One of my favourite quotes is that of Friedrich Nietzsche who once wrote, “Those who were seen dancing, were thought to be crazy, by those who could not hear the music.”

Hearing the ‘music’ is an important leadership attribute and one that can be intentionally cultivated. It is the ability to ‘hear’ what others fail to hear and then invite others into the ‘dance’ that to the outsider, seems ludicrous.

Steve Jobs achieved as much at Apple with his dream of the iPad dating back to 1983 – when such notions were simply foolish. He could hear music that others could not and was able to get others to dance to that music when most couldn’t hear any music!

One of the practical ways in which leaders can develop this ‘finer sense of hearing’ is to practice the art of what we refer to as ‘getting on the balcony’. This practice comes from Ron Heifetz’s ‘adaptive leadership’ model and is an essential leadership habit to cultivate. Getting on the ‘balcony’ is the ability to step back from the dance floor in order to gain a different perspective from the one gained by being on the dance floor. It is the ability to see the bigger picture and the ‘whole’ as opposed to reacting to an immediate sense of one’s surroundings. There are times when being on the dance floor is important for leaders but, being on the balcony, is more important.

Hearing the music that is mute to others will require this ‘stepping back’ – stepping away from the day-to-day things that monopolise and clamour for our attention. It is the ability to see and to question what goes unnoticed and unheard to most. It is a discipline that can be cultivated and is something that smart leaders work at consistently. It might take some time and patience to ‘hear the music’ but developing the habit of the balcony is sure to result in a finer sense of hearing for the leader.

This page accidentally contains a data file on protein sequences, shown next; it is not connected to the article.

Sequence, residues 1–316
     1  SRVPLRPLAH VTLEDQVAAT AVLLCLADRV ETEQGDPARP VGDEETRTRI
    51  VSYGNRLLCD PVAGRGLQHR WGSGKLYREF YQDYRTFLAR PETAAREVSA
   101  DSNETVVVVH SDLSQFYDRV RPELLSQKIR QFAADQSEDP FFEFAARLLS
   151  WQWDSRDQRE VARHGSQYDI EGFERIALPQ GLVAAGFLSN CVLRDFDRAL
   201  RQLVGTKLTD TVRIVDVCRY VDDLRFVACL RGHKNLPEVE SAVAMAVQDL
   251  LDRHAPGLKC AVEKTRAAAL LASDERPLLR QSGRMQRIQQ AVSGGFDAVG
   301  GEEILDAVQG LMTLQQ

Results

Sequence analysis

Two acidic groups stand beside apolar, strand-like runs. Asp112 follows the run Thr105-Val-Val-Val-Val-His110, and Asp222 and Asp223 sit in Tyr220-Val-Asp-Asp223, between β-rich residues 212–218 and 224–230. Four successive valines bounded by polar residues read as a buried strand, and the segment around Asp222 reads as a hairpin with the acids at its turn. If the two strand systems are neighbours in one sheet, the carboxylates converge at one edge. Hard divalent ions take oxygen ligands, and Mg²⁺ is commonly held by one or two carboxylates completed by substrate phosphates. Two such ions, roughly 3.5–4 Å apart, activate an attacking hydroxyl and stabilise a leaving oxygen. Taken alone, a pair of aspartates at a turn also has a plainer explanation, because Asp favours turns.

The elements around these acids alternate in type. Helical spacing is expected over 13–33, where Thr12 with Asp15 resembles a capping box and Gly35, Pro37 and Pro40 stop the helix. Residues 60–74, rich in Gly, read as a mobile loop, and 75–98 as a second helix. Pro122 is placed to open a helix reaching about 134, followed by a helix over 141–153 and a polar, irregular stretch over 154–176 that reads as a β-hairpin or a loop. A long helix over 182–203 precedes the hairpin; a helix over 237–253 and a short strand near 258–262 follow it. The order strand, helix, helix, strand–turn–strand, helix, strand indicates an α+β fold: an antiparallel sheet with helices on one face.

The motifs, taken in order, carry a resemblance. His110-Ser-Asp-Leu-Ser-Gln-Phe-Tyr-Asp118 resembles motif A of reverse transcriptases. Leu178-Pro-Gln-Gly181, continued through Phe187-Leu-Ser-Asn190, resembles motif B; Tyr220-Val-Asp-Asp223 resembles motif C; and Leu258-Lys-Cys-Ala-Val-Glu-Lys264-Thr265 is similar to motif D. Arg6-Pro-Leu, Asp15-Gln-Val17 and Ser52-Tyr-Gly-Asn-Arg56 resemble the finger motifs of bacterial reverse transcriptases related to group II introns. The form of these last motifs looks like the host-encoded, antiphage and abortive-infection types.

Of course, stepping back and ‘hearing the music’ is only half the challenge; the next part – inviting others into the dance, is essential. Leadership is defined by followership. Most of you would have seen the YouTube clip that did the rounds of the young man dancing alone on a grass bank only to be joined by another dancer and then soon after that, by several others. The lesson the clip highlighted was the importance of the first follower in achieving the goal of getting the participation of many. Essentially this is a lesson in getting others to hear the music and then join the dance.

Of course Nietzsche has gifted us with several other insights that are perhaps more familiar to our everyday hearing: ‘that which does not kill us makes us stronger’ and ‘He who has a why to live can bear almost any how’.

But I still like the one we have briefly thought about and so I guess my only question to you as a leader is, ‘what is the music you are hearing?’

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